The entertainment value of a destination differs for every traveler, yet the sentimentality found in the journey is too often neglected.

For Eamon O'Brien, a 20-year-old marketing student at Arizona State University and a Desert Vista High School graduate, every vacation holds a much deeper meaning.

In celebration of his late cousin, O'Brien leaves traces of her at every landmark he visits.

A few years before Colleen Nichols was diagnosed with terminal colon cancer in February 2008, a distant relative of O'Brien was suffering from a similar illness.

The method the woman's family used to cope with the situation was through creating plastic bracelets with "Alive and Thriving" engraved across the front.

The woman soon recovered and his family adopted the bracelets, referring to them as "symbols of hope" for Nichol's recovery.

Although she ultimately died in July of the same year, the bracelets have remained a treasured possession in O'Brien's life.

Nichols was as close to him as his own mother, he said.

Rather than simply wearing the bracelets to honor his late cousin, he has his own take on the "spreading of the ashes" tradition by scattering the bracelets in places that have the most impact on him.

A trip O'Brien made to the Northern Lights in March 2009 sparked the beginning of this tradition.

He said, "As I was driving up the mountain I noticed the bracelet on my arm, but after walking around taking photos of the mountain I got back to the car and realized it was gone."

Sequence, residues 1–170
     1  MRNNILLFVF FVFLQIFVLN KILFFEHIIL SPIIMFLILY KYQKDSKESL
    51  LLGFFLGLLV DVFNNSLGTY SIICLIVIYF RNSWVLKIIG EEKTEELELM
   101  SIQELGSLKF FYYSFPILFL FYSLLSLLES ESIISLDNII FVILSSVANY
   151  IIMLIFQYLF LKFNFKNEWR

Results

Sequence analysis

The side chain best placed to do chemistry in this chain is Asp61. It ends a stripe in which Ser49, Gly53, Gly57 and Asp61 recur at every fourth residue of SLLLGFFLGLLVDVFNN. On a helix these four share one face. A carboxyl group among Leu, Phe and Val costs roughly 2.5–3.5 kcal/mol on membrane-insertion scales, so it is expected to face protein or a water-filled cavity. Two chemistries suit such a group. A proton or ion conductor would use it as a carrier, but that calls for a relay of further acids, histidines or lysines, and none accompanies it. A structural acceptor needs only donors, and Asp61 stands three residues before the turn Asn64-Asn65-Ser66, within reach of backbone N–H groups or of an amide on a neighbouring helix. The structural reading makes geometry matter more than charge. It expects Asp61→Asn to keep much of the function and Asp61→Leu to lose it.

Since this incident, he has left the bracelets in popular places all over the world such as the Philippines, waterfalls in the northwest, piers in California, volcanoes in Hawaii, and even a U.S. Airways airplane where he had an inspirational conversation with a passenger beside him.

"I'd like to think that there was a reason the bracelet went missing on top of the Northern Lights, in one of the most beautiful places in the world," he said.

O'Brien chooses to leave the bracelets in locations that he believes Nichols would have appreciated had she been able to experience them with him, he said.

Before her diagnosis, Nichols was training to become a life coach. She wanted to help people achieve their dreams, O'Brien said.

"She was always passionate about doing new things and seeing the world," O'Brien said. "She had an incredible sense of humor, believing that any worry could easily be laughed off. I could only hope to have developed part of her enthusiasm for life."

"I think the most influential piece of advice I learned from my cousin is that you have to have dreams before you can decide how to follow them."

Macy Fuquay is a student at The Walter Cronkite School of Journalism and Mass Communication at Arizona State University.

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